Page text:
You asked, we delivered. Our Development Team, as well as Head of Design, CTO, & Artistic Director, have all shared their thoughts on the highly anticipated “Nreal light” mixed reality glasses.
Head of Design, Alexia Buclet, had mostly positive things to say about the glasses, although she recognizes that Nreal has a few things to improve on.
“The screen quality is amazing, and the field of view is great for such a small device. However, a little bit of motion sickness can occur since the spatial mapping has some issues from time to time.”
She was also pleasantly surprised by the comfort and wearability of the glasses, especially because of how light they are (they only weigh 88g!). The adjustable nose accessory proved slightly problematic for Alexia, as it needs to be adjusted separately each time it is worn by a new person, and she fears it may not be comfortable for all face sizes/shapes.
Co-Founder and CTO of Minsar, Thomas Nigro, was pleasantly surprised by the wearability and affordability of the glasses.
“It's definitely going to be a productivity device for companies that want to enter the spatial computing era without spending much money on it.”
The Nreal light glasses are considerably cheaper than other headsets, with a starting price of only $499. Similar to Alexia, Thomas was satisfied by how light and comfortable the device was when adjusted correctly to one’s face.
“It's comfortable and light, you easily forget about it. Not only for the goggles: the little computer is light and clips very easily to a pocket.”
Unity Engineer Claudio Mutti also loves how comfortable the glasses are in comparison to other 3D headsets, but hopes for a few improvements, particularly concerning the flimsy controller and eyesight correction options.
“They are really easy to put on and quite comfortable: they perfectly match the shape of your head and are lightweight. Moreover, the clippable CPU is lightweight and compact, much better than other 3D headsets.”
However, Claudio was a bit disappointed by the controller, calling it “cheap” and “not ergonomic”. He is hopeful this will change once the glasses are able to be plugged into an Android phone, as originally promised.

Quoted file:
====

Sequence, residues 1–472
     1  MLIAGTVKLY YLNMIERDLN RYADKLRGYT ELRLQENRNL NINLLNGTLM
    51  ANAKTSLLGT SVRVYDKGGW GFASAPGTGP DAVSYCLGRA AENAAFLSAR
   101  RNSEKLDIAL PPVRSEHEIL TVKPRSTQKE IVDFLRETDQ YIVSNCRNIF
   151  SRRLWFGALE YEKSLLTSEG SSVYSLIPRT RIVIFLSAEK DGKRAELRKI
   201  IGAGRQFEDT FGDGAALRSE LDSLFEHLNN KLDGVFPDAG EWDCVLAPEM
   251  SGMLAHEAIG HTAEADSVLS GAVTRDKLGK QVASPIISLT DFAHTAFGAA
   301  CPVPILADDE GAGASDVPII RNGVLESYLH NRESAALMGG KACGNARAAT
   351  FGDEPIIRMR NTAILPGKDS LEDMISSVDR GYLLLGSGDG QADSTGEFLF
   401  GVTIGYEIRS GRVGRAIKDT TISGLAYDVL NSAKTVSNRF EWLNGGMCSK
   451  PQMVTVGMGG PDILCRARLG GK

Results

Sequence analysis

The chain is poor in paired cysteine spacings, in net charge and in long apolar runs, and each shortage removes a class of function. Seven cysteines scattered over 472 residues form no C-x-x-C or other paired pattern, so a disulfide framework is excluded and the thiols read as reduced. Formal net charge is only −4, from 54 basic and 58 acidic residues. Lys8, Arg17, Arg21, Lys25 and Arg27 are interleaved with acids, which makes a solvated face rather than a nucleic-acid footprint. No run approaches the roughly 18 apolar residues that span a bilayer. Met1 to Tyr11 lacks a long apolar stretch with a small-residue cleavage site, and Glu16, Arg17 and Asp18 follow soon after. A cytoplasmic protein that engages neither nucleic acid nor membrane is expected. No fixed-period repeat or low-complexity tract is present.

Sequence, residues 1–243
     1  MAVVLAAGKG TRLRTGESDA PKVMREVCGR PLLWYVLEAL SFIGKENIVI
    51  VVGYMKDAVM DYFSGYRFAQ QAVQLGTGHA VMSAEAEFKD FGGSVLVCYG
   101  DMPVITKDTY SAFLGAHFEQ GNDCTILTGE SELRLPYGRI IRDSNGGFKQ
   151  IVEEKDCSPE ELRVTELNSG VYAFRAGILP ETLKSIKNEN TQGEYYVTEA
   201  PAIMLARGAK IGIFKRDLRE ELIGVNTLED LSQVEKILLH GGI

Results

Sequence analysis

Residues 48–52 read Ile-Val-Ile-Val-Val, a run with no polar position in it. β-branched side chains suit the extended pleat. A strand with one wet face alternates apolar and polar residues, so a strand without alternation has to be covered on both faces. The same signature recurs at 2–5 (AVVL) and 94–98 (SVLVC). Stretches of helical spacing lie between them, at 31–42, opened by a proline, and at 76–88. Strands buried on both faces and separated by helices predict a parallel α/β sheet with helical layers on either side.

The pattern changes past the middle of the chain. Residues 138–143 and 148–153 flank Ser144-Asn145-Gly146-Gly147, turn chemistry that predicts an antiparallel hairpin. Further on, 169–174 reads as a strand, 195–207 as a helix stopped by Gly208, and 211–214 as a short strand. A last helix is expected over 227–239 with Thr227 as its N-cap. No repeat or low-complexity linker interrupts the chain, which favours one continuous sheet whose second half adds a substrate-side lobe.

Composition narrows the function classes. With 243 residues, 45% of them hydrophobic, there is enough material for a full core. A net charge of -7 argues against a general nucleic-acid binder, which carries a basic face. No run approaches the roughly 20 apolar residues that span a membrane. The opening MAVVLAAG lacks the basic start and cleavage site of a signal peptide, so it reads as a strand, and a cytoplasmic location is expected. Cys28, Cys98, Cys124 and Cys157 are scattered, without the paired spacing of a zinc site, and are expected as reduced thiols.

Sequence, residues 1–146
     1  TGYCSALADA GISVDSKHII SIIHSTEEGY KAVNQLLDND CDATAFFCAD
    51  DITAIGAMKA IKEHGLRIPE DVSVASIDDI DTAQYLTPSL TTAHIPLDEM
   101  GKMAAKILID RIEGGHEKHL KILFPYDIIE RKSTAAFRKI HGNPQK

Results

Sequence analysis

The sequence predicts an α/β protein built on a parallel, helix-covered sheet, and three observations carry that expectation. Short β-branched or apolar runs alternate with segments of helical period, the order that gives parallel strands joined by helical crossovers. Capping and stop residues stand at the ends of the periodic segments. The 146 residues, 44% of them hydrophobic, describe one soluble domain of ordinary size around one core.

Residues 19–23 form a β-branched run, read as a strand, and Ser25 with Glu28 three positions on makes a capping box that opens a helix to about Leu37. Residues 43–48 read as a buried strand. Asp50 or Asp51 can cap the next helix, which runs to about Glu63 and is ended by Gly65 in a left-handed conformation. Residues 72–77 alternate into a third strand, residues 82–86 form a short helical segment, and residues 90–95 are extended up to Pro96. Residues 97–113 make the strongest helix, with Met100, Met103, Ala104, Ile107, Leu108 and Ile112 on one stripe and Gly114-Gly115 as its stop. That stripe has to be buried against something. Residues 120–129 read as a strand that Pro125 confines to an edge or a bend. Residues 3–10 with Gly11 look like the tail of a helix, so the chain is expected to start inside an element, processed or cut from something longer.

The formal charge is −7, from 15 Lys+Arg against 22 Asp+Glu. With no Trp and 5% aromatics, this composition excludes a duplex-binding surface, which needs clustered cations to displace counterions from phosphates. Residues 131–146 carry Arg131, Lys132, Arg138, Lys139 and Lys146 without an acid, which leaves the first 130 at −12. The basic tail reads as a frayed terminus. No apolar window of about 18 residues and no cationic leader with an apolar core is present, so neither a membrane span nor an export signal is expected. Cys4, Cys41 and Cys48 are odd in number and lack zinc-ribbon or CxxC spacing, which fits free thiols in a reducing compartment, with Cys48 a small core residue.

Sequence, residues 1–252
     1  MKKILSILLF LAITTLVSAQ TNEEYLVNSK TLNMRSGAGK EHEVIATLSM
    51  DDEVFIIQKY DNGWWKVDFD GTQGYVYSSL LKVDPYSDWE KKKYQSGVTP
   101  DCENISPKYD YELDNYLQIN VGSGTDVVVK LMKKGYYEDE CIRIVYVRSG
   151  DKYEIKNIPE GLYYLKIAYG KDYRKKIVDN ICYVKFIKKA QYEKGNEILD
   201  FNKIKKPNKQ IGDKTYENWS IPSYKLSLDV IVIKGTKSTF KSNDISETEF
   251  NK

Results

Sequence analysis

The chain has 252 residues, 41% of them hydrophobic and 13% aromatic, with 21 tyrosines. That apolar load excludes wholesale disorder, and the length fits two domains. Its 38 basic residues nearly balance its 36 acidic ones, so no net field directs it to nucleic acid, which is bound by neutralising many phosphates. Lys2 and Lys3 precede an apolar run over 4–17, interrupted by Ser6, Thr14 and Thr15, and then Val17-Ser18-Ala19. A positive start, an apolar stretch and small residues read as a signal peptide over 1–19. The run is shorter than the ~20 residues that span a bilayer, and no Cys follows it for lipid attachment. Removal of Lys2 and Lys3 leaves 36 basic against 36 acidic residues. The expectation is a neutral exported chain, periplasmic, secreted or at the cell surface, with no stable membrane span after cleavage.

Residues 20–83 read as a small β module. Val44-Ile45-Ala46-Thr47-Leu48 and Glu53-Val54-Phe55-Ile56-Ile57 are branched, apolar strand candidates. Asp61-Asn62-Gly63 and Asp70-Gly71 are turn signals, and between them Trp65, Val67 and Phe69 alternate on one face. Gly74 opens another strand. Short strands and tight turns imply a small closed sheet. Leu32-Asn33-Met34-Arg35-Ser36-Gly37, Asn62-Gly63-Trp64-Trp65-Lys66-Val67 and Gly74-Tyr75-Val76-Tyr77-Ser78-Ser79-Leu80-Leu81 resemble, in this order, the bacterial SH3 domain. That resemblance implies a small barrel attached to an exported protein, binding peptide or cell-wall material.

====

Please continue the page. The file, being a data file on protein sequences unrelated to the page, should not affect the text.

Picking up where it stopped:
“When pressing the button, you don't have good feedback, and having it track only the rotation of your hand/wrist and not its position was a bit disappointing.”
He also thinks that the eyesight correction options could hinder the mass-adoption of the glasses.
“The current solution of adding custom-made lenses on-the-go can work for now, but if they don’t develop a better solution, this could become one of the most important points of friction in order to get people using (and buying) them.”
Aside from these issues, he loved the 4D cinema option and can really picture himself using this as his main home TV screen.
Richard Dante, our Artistic Director (and typically the harshest critic when it comes to new tech) was pleasantly surprised by the Nreal glasses, but he stays wanting more from them.
“I really enjoy the physical command buttons, which prevent the graphical user interface from being overloaded. I also like the way that the project is presented from project-picker with an immersive preview.”
However Richard also states that the joystick is a bit disappointing (having 3DoF instead of 6), and he wishes that the dev kit came with the capability of attaching the glasses to an Android phone as promised.
All in all, our team seems to agree that the glasses excel in comfort and price, while requiring some improvement in other areas such as the controller and spatial mapping.
If you’ve tried the Nreal glasses, we would love to hear what you thought of them! Join our Slack Community, or email us at firstname.lastname@example.org to let us know what you think about our team’s assessments.